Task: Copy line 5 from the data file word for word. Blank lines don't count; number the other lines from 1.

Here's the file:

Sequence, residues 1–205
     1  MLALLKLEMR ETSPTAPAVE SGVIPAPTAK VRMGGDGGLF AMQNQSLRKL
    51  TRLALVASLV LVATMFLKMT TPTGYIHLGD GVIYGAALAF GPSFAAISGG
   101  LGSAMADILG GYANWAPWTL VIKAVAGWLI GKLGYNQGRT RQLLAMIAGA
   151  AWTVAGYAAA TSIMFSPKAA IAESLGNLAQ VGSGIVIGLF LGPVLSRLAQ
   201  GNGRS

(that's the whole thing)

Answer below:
   151  AWTVAGYAAA TSIMFSPKAA IAESLGNLAQ VGSGIVIGLF LGPVLSRLAQ